French makes a huge difference. Out and about, you will not find english speakers except among the elites. Tutors are available. Speaking Fongbe, even a little, delights people but is not expected.

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6. Would someone with physical disabilities have difficulties living in this city?

Yes. It would not be impossible, but most buildings are not accessible. Many have one small step at the entrance that would be navigable for someone with a cane or walker, but not a wheelchair. I think wheelchair accessible bathrooms would be like unicorns.

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Transportation:

1. Are local buses, trams, trains or taxis safe and affordable?

Taxis are safe, easy, and pretty expensive. Locals use moto taxis that I do not consider safe.

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2. What kind of car do you recommend bringing to post, given the terrain, availability of parts, burglary/carjacking risks, etc.? What kind of car do you advise not to bring?

Four-wheel drive with a high clearance if you plan to leave Cotonou or even get out of the main city center.

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Phone & Internet:

1. Is high-speed home Internet access available? How long does it typically take to install it after arrival?

MTN is pretty good. It tends to slow at the end of the month, especially around holidays.

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2. Do you have any recommendations regarding mobile phones? Did you keep your home-country plan or use a local provider?

We use MTN.

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Pets:

1. Are qualified veterinarians and/or good kennel services available? Do animals need to be quarantined upon entry to the country? Are there other considerations regarding pets that are particular to this country?

Beninese tend not to like dogs, although there are certainly people here who have them. No quarantines.

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Employment & Volunteer Opportunities:

1. What types of jobs do most expatriate spouses/partners have? Locally based or telecommuting? Full-time or part-time? Can you comment on local salary scales?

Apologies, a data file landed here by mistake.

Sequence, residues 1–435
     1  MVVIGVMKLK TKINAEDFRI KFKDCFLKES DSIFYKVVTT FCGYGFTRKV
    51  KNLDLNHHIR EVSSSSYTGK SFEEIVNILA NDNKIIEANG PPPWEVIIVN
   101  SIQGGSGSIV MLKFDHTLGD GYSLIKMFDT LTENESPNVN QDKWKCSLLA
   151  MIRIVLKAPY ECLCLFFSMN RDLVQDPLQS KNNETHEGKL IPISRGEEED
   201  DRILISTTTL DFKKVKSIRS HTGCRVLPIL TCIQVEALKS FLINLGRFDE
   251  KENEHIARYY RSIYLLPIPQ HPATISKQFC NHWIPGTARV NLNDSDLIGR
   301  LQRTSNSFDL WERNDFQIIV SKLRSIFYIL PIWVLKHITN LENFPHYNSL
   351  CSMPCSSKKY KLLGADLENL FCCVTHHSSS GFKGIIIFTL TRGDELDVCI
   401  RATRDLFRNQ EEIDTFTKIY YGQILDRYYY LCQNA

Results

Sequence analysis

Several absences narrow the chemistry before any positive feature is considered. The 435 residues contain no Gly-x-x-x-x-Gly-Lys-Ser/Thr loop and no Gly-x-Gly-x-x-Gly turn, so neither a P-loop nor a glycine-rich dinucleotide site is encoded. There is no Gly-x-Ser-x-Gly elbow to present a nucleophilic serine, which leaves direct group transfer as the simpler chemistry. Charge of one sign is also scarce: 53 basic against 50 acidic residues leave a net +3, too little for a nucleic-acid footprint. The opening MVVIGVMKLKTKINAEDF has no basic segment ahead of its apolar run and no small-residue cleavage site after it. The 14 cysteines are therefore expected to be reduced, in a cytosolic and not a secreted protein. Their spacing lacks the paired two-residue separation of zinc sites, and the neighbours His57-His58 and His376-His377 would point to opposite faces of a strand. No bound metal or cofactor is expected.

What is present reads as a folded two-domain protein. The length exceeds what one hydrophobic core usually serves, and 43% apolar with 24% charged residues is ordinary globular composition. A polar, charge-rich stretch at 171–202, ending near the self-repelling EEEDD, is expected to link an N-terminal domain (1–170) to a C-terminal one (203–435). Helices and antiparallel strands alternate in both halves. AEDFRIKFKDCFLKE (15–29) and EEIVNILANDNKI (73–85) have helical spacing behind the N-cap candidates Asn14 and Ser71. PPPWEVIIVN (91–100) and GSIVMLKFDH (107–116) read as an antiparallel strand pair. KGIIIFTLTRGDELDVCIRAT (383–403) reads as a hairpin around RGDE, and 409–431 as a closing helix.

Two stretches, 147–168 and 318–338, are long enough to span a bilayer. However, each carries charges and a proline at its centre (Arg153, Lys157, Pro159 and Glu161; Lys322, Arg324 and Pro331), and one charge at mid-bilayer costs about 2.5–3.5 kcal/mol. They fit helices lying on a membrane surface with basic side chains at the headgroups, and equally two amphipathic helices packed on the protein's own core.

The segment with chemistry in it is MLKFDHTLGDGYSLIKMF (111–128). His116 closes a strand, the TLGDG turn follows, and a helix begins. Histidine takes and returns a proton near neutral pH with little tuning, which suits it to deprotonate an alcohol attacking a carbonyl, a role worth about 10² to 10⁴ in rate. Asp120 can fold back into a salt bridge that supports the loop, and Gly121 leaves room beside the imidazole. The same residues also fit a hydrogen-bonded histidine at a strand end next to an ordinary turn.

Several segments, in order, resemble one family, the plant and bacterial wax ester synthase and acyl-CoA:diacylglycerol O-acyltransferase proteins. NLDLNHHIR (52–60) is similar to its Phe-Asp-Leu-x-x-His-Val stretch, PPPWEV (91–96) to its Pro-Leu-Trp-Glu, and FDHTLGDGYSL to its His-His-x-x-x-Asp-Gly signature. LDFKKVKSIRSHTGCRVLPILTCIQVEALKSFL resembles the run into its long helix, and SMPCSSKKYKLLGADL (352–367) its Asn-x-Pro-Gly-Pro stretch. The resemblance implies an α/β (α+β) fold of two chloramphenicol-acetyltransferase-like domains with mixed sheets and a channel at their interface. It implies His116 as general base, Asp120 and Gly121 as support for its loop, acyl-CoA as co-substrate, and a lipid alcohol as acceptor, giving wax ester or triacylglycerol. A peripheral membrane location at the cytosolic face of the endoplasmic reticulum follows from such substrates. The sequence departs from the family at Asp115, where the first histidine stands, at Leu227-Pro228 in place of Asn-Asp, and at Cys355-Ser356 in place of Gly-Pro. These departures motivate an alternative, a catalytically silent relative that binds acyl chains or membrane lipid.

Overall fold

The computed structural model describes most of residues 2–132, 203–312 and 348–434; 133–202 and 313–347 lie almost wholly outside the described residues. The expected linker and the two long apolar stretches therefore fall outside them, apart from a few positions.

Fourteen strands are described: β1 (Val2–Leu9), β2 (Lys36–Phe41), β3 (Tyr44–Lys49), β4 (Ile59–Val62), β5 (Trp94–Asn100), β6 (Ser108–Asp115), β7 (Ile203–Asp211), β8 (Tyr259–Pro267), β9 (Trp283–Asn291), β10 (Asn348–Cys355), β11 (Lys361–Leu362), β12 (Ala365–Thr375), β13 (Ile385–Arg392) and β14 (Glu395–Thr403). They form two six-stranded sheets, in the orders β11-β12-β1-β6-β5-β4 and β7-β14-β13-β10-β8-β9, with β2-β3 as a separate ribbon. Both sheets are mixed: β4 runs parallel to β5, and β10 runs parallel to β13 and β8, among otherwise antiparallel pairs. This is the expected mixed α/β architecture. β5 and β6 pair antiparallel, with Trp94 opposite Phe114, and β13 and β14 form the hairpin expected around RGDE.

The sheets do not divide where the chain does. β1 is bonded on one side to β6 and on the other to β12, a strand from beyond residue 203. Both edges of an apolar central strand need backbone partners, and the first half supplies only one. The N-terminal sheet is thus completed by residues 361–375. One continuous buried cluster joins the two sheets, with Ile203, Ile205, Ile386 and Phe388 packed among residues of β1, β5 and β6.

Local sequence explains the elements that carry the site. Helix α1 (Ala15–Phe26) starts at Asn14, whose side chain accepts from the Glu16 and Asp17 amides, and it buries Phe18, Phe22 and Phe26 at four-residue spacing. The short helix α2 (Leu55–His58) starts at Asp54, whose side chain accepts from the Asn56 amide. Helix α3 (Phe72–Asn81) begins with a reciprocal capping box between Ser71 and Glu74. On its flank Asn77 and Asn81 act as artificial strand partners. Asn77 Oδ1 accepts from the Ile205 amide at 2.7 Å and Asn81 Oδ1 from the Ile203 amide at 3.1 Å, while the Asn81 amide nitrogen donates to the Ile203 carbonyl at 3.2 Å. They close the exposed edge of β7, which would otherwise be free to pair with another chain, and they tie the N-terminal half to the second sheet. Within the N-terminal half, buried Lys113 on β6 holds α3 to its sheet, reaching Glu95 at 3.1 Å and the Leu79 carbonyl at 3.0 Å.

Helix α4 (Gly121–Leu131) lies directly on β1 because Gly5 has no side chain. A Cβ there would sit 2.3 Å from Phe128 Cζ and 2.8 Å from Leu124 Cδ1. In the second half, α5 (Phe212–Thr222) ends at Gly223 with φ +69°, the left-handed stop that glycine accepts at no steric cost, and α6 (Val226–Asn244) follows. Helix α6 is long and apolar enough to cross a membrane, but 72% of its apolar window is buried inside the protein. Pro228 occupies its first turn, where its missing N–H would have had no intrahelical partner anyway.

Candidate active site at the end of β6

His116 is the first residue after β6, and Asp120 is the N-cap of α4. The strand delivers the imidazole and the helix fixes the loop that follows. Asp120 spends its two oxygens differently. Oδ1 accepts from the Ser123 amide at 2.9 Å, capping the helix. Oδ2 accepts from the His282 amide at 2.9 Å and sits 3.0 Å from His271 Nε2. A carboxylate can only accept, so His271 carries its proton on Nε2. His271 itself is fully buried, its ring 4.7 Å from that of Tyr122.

Local work would be very hard to find unless you are in the development sector.

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2. What volunteer opportunities are available locally?

Lots of opportunities to work with kids, art, and culture.

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3. What is the typical dress code at work and in public places? Is formal dress ever required?

Pretty informal. Women dress more modestly than in the US (usually covering knees), but attitudes are pretty tolerant. Black pants and a shirt work for almost any occasion.

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Health & Safety:

1. Are there personal security concerns to be aware of at this post? Please describe.

The political situation seems to be rocky and deteriorating.

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2. Are there any particular health concerns? What is the quality of available medical care? What medical conditions typically require medical evacuation?

Malaria is a threat here.

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3. What is the air quality like at post (good/moderate/bad)? Are there seasonal air quality issues? Does the air quality have an impact on health?

Air quality during the harmattan is truly terrible. I wear a mask and sleep next to a filter. I've been told that this year was the worst people remember, but everyone I know has had a respiratory or sinus infection.

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4. What do people who suffer from environmental or food allergies need to know?

There's growing awareness about food allergies here. Peanuts and shellfish are common ingredients, although they can be avoided.